Singularities of urban systems in China and India

We show for the first time comparable and exhaustive maps of cities for the largest two countries of the world[ref] Urban data bases have been built by Elfie Swerts from a variety of statistical and geographical sources according to a unified concept of urban agglomeration (continuously built up area). [/ref]. Around year 2000 there represent the precise location of about 11 000 cities above 10 000 inhabitants in China and 7000 in India, regrouping respectively 690 and 380 million of urban citizens (figure 1 and 2).

Two subcontinents of megacities and small towns

A major singularity common to both urban systems when compared to the rest of the world is the combination of huge metropolises with a high density of numerous smaller towns. Each country has at least three megacities above 10 million inhabitants (Shanghai, Beijing, Guanzhou, Delhi, Mumbai, Kolkata) and Shanghai and Delhi are even each above 20 million. No doubt that in the next decades more very large urban centers will emerge, many of the largest cities of the world will be found in Asia and even a handful of gigantic conurbations called “megalopolis”.

But the distinctive feature of these urban systems is their dense underlying pattern of small towns with population between 10 000 and 50 000 inhabitants, of which there are almost 9 000 in China and 5 400 in India. One third of the urban population of each country lives in these relatively small settlements (whereas the proportion is only 25% in Europe and 5% in the United States of America). These small settlements are disseminated in every region, according to a rather more regular spatial pattern in India compared to the asymmetry between sporadic Western and denser Eastern urbanization in China (due to environmental and historical factors).

Figure 1 Population sizes of urban agglomerations in China (year 2000)

Source : Swerts Chinacities, urban agglomerations above 10 000 inhabitants

Figure 2 Population sizes of urban agglomerations in India (year 2001)

Source : Swerts, Indiapolis and IndiaCensus, urban agglomerations above 10 000 inhabitants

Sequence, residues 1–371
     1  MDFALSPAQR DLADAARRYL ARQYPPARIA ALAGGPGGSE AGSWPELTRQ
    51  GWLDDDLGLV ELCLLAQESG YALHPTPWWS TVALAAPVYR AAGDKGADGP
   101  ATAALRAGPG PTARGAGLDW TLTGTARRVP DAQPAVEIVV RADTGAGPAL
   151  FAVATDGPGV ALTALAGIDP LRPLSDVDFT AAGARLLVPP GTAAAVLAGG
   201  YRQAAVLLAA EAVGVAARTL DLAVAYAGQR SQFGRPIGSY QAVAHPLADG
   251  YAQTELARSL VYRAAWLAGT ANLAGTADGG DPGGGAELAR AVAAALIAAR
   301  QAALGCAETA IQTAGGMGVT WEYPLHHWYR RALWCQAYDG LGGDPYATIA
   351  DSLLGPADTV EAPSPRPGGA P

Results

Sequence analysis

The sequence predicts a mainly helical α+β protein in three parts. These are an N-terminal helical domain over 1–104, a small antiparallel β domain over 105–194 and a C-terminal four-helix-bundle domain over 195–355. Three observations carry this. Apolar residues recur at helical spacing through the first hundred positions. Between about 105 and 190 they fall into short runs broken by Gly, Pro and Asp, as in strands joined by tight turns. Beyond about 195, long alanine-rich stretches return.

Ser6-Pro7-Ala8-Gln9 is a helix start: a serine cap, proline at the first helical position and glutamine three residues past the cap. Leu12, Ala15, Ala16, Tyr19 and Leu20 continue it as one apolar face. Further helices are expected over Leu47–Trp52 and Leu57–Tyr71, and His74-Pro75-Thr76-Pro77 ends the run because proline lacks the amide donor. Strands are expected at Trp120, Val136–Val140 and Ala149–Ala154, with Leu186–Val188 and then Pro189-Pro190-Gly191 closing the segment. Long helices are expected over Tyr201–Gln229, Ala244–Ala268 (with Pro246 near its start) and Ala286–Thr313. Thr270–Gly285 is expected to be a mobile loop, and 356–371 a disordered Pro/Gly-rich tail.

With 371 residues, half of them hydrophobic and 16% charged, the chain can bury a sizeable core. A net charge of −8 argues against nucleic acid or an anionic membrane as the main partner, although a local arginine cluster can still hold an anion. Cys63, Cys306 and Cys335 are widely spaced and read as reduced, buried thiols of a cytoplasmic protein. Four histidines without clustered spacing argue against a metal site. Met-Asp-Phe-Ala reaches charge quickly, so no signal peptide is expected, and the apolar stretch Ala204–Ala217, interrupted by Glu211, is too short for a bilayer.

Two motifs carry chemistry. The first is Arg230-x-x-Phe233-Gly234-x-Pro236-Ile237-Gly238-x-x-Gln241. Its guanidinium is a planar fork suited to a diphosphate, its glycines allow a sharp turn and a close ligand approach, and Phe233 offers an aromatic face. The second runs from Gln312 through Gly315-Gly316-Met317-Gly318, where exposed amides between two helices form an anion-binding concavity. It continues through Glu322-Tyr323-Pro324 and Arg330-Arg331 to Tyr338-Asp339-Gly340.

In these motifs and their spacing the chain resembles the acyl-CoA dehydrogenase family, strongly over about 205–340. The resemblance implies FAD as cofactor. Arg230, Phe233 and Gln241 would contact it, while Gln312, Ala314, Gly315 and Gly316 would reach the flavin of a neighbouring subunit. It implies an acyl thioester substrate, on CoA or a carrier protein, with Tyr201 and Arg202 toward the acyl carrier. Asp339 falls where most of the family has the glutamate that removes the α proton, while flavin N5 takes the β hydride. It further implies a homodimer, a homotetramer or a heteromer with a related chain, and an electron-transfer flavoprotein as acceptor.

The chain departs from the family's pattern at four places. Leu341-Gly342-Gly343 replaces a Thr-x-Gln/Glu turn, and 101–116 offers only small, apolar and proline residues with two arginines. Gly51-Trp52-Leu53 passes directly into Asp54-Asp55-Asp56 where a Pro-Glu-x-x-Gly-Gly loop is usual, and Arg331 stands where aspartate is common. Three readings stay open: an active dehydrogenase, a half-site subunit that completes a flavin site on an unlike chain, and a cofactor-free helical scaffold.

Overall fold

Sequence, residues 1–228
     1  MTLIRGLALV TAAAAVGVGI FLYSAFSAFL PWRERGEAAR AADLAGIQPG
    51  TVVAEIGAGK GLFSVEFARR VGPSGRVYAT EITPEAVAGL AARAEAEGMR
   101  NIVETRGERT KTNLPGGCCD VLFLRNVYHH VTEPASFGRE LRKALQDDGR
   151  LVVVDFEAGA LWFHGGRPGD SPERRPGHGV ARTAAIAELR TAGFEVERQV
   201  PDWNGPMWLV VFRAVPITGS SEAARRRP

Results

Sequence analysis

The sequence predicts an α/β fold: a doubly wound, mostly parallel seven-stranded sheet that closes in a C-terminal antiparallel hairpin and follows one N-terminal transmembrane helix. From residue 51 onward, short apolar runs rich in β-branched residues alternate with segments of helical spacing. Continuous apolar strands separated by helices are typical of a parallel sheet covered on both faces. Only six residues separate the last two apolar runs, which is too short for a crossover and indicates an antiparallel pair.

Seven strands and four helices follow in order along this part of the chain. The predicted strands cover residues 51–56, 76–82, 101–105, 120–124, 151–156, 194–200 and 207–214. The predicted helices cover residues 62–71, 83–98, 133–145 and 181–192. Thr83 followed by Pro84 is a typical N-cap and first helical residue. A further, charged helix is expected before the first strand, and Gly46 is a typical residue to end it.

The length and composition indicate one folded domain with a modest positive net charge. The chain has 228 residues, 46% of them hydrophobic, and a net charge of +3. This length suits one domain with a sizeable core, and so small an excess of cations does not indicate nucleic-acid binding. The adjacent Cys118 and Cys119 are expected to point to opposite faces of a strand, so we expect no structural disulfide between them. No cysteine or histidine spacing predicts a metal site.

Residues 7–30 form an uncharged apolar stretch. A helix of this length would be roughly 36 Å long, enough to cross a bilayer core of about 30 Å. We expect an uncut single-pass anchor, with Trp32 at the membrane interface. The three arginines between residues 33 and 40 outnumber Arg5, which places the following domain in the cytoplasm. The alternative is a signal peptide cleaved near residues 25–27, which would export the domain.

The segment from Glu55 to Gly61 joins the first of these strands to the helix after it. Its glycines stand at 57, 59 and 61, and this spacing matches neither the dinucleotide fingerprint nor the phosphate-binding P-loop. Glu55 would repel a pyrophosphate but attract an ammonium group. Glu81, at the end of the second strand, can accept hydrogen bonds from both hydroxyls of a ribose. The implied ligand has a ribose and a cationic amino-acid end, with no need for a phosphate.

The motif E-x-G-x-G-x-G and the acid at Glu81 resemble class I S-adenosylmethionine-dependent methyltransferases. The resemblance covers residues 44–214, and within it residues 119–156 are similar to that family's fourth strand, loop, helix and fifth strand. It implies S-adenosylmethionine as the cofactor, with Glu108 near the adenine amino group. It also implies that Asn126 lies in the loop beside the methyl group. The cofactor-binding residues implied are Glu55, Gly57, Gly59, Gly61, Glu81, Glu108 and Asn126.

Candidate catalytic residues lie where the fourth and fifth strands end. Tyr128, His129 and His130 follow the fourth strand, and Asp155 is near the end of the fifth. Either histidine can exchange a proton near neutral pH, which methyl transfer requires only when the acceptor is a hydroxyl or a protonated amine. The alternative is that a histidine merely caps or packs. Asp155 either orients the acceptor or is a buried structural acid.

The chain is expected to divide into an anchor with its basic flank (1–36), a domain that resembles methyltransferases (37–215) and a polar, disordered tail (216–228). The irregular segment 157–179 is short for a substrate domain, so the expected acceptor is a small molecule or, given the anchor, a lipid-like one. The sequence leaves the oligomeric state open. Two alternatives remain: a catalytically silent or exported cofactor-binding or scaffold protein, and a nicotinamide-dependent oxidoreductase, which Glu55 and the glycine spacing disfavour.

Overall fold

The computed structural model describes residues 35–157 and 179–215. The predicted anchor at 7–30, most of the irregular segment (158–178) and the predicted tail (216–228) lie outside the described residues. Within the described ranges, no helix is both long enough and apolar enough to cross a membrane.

Two different types of urban hierarchies

Even if both countries share with all other urban systems a strong differentiation of city sizes according to a Zipf’s distribution, China appears as an exception in the world. Although the share of urban population is higher in China (urbanization rate = 60% against 40% only in India) the index which measures the level of inequalities of city sizes in the system (that is the slope of the adjusted rank-size curve) is only 0.8 in China (against 0.9 in India) (figure 3). Moreover, while the general trend in India, in conformity with observations in other parts of the world is an increase of these urban size differences during the historical urbanization process, the slope has been decreasing during the last forty years in China. That can certainly be explained by the strength of urban and spatial planning policies in this country – even if an uncertainty remains about the identification of urban population because of the hukou system. It is also a demonstration that an evolution toward more and more hierarchy in urban systems is not as inescapable as it may appear from uncontrolled urban dynamics in most world countries.

Figure 3 Rank-size distributions of cities in China and India around 2000

Sources : China : Swerts, ChinaCities (2000), India : Swerts, Indiapolis (2001)

Elfie Swerts